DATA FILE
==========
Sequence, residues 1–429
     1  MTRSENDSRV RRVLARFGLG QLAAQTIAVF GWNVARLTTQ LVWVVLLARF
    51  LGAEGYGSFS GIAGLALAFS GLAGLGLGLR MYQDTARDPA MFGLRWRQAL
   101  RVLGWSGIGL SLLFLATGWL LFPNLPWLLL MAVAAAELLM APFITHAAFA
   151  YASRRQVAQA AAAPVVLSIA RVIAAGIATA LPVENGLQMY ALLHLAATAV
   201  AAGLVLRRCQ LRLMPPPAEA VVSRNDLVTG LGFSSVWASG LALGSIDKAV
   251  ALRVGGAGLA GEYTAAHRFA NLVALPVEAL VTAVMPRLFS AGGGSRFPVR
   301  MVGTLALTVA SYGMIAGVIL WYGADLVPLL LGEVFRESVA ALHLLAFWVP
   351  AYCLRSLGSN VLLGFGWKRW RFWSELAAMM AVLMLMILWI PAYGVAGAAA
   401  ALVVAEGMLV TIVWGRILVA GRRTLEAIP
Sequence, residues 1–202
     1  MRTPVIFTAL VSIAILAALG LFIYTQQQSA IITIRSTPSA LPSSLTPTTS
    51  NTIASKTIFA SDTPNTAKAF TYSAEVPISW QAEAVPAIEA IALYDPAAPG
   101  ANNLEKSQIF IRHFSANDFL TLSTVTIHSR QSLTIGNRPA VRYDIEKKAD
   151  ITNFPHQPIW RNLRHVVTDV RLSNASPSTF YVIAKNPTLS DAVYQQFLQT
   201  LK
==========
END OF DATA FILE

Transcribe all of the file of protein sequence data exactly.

Sequence, residues 1–429
     1  MTRSENDSRV RRVLARFGLG QLAAQTIAVF GWNVARLTTQ LVWVVLLARF
    51  LGAEGYGSFS GIAGLALAFS GLAGLGLGLR MYQDTARDPA MFGLRWRQAL
   101  RVLGWSGIGL SLLFLATGWL LFPNLPWLLL MAVAAAELLM APFITHAAFA
   151  YASRRQVAQA AAAPVVLSIA RVIAAGIATA LPVENGLQMY ALLHLAATAV
   201  AAGLVLRRCQ LRLMPPPAEA VVSRNDLVTG LGFSSVWASG LALGSIDKAV
   251  ALRVGGAGLA GEYTAAHRFA NLVALPVEAL VTAVMPRLFS AGGGSRFPVR
   301  MVGTLALTVA SYGMIAGVIL WYGADLVPLL LGEVFRESVA ALHLLAFWVP
   351  AYCLRSLGSN VLLGFGWKRW RFWSELAAMM AVLMLMILWI PAYGVAGAAA
   401  ALVVAEGMLV TIVWGRILVA GRRTLEAIP
Sequence, residues 1–202
     1  MRTPVIFTAL VSIAILAALG LFIYTQQQSA IITIRSTPSA LPSSLTPTTS
    51  NTIASKTIFA SDTPNTAKAF TYSAEVPISW QAEAVPAIEA IALYDPAAPG
   101  ANNLEKSQIF IRHFSANDFL TLSTVTIHSR QSLTIGNRPA VRYDIEKKAD
   151  ITNFPHQPIW RNLRHVVTDV RLSNASPSTF YVIAKNPTLS DAVYQQFLQT
   201  LK